The verdict “was a message to the industry at large that if you are going to compete in this country there’s a set of rules, and if you decide to take a calculated risk and infringe you need to be willing to pay a price for it,” he said.
Lawyers debated in court whether Samsung was copying Apple or merely benchmarking the competition. Again, Hogan recalled his own experience.
“I worked in R&D at Memorex when IBM first came out with the Winchester hard drive,” he recalled. “One weekend a colleague and I were tasked with reverse engineering it.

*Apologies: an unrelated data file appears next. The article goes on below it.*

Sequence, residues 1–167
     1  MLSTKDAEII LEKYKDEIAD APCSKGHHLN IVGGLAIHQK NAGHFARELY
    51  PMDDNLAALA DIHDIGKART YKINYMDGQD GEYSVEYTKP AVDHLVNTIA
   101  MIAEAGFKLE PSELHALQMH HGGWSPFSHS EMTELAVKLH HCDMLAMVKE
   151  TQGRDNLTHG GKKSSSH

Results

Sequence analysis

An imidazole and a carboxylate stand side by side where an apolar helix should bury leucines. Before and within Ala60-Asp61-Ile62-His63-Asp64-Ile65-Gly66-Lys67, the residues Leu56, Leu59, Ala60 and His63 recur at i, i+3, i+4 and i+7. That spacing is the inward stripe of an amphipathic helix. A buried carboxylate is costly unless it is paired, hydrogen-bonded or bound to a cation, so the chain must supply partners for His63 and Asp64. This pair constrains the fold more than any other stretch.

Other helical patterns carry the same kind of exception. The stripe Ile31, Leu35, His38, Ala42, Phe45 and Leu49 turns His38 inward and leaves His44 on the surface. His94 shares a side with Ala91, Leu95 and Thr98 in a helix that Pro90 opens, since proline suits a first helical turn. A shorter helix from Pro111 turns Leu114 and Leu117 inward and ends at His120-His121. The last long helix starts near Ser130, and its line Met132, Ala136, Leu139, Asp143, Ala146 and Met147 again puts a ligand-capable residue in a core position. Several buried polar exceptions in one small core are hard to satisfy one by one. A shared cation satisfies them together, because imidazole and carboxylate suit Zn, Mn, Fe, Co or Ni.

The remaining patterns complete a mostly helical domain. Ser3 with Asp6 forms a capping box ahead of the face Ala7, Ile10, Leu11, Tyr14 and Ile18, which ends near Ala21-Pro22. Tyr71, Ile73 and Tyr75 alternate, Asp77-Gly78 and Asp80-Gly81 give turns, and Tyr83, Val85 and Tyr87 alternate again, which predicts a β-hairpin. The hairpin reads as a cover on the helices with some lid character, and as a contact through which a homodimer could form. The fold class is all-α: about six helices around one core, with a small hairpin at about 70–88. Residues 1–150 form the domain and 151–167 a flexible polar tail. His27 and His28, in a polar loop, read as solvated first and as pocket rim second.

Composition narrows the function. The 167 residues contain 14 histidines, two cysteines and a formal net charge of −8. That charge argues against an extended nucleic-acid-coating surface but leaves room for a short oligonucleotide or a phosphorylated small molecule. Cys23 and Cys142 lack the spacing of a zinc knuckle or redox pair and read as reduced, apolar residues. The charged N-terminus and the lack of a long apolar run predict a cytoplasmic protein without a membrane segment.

“We were concerned how IBM created an index point against the clock to establish where to write on the disk,” he said. “Once we saw how they did it, we asked ourselves how we could do it differently.
“I was tasked with designing a pattern generator which would create our clock track with an entirely different way to create the track,” he said. “We set out to understand [IBM’s drive], but made sure we would not copy it--it just takes a little innovation to do that, and at no time did IBM sue us,” he recalled
“Benchmarking is benchmarking, but that’s no carte blanche to copy a competitor,” he said.